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A popular therapeutic strategy for handwriting concerns is the use of a slant board. Could it be the right solution for a child who is struggling with handwriting? Let's take a look at when you should consider having a child use a slant board for handwriting.
When to Consider a Slant Board for Handwriting
You may want to consider a slant board when you notice any of the following during handwriting.
|| Poor Posture
The optimal sitting position should be sitting with 3 points of a 90-degree angle: Feet planted flat on the ground, ankles at a 90-degree angle, knees bent at 90 degrees; sitting upright with the hips and torso at a 90-degree angle. When a child is slouching, using a slanted board at a 22-degree angle can assist with this positioning. Also remember if your child's feet are not touching the floor, use a stack of books or a step stool to help get their knees and feet at that 90-degree angle.
A child who is slouched over while writing will not produce legible work and often this is caused by fatigue because of poor core muscle strength. While working on increasing core muscle strength, using the slant board for writing can promote good upper body positioning for handwriting tasks.
|| Poor Visual Tracking
Visual tracking is the ability to move the eyes from left to right, right to left, up and down, or in a circular motion. This is important for reading and writing. Reading at an angle may reduce strain on the eyes. Positioning their written or reading work at an angle may reduce eye strain and allow for improved visual tracking.
|| Poor Pencil Grasp
The idea of using a slant board to improve pencil grasp has to do with the wrist position. In order to produce legible written work, a student needs to be able to move their wrist and elbow in a fluid motion. The wrist needs to be in an extended or up-bent position. The slant board encourages this wrist extension during writing.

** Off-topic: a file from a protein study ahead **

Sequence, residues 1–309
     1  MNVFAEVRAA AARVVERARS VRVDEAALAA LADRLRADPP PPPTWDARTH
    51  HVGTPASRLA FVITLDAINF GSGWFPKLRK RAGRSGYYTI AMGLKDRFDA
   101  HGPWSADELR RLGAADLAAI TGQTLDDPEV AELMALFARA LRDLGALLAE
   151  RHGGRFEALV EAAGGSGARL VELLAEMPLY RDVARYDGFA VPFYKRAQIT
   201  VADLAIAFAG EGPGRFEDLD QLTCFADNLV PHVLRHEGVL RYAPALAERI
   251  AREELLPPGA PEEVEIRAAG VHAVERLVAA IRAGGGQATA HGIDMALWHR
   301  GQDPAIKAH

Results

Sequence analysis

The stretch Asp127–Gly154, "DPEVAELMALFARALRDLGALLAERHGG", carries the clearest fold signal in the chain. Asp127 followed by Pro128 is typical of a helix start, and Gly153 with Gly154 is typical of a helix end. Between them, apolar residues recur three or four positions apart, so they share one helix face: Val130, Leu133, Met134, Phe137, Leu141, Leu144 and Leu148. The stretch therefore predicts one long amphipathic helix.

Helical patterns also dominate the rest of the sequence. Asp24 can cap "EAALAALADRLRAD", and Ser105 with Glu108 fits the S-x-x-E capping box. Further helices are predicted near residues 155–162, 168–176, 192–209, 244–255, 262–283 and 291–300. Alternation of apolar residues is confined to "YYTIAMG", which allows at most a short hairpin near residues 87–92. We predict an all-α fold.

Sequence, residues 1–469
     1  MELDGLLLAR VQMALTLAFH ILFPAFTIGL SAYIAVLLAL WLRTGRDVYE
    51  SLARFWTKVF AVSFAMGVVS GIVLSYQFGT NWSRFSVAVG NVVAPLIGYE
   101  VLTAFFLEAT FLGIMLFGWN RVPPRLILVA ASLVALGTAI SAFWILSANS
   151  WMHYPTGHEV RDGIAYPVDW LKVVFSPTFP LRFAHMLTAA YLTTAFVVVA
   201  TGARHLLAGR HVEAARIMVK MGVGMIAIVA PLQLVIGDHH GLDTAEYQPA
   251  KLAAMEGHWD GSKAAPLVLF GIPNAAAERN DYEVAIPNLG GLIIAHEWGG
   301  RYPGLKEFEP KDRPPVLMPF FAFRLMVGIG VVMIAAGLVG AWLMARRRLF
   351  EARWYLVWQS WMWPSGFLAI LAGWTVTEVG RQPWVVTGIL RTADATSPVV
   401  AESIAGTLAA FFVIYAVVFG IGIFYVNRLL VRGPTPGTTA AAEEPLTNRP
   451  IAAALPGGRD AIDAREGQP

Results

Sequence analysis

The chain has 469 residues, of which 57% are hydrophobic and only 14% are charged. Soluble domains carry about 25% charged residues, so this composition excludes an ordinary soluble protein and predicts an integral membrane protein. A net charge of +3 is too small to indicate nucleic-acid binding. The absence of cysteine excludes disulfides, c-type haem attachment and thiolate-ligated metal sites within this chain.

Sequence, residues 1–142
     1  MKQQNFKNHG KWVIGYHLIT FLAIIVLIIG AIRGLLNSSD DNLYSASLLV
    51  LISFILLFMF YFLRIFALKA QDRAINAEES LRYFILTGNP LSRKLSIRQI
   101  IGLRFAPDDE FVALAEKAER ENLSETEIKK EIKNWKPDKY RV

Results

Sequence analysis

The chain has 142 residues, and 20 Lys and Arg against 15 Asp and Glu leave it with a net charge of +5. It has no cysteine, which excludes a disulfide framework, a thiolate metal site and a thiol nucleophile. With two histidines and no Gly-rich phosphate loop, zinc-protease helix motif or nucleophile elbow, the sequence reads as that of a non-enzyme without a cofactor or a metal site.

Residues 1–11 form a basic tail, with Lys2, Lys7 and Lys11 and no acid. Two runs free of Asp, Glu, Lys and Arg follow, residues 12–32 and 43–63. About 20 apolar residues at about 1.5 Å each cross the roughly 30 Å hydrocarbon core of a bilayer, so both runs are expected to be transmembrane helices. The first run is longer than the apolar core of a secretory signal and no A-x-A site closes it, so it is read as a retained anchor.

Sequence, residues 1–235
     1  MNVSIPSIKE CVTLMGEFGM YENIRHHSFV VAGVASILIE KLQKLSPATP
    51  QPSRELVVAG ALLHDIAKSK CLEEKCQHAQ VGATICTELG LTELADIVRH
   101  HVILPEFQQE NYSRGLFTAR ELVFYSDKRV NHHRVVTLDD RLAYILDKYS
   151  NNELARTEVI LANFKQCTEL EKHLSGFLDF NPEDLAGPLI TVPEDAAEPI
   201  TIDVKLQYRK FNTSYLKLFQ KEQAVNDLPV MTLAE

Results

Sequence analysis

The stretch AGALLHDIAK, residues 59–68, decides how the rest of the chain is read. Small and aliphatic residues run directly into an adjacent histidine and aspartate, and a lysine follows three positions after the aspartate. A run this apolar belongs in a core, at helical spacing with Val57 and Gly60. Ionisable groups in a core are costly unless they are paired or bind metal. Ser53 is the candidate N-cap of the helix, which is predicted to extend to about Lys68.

|| Poor Copying Skills
Being able to copy from the board in front of you or a book requires good visual tracking and visual-motor skills. Elevating the writing surface can help with positioning, grasp, and tracking as mentioned above can help improve copying skills.
Other Points to Remember with Slant Boards
It is important to remember that the use of a slant board alone will not magically help a child's handwriting. There is limited research on the effectiveness of slant boards, especially when used as a stand-alone strategy to improve handwriting. (Brevoort, 2017). More research needs to be done.
It is also important to look at other factors including underlying conditions that could be contributing to poor handwriting.
We also need to look at the consistency and length of use when assessing if a strategy is working for our students or children. Often times, a strategy or approach needs to be assessed over a longer period of time to gauge its effectiveness.
We do know that multi-sensorimotor approaches help students with below-average handwriting scores. And addressing the environment and posture during handwriting can improve handwriting overall.
If you feel your child or student needs help with their handwriting, please ask for an Occupational Therapy evaluation to address any underlying needs and assess the best course of action.
Where to Get a Slant Board for Handwriting
Here are some places you can purchase a slant board to use with your children.
You can also make your own DIY version by placing a 3-ring binder on its side. You can find the complete tutorial here at The OT Toolbox.
Adapt-Ease Ergonomic Writing Slant Board, WhiteAcrylic Ergonomic Writing Slope, Fully Transparent, Extra Wide for Better Writing Posture, 20 Degree Angle, Anti Slip with Pen Holder – Educational & SEN Resource – by Playlearn (Yellow)Visual Edge Slant Board (Blue), A Sloped Work Surface for Writing, Reading, Art and Speech for Optimal Learning – Portable Desktop Magnetic Dry Erase White Board with Clipboard for KidsAbilitations SlantScript Board, Blue, 9 x 14 inchesSlant Board from the Therapy Shoppe
Kristen N. Brevoort. 2017. Effect of Slant Boards in Combination with Handwriting Practice. Doctoral dissertation. Nova Southeastern University. Retrieved from NSUWorks, . (58) https://nsuworks.nova.edu/hpd_ot_student_dissertations/58.
Ranade, Dipti. (2019). The effect of a vertical line template and a slant board on printing of children with handwriting difficulties [electronic resource] /. Click here to read.
Weichman, L. Benefits of a Slant Board. North Shore Pediatric Therapy. https://nspt4kids.com/parenting/benefits-of-a-slant-board/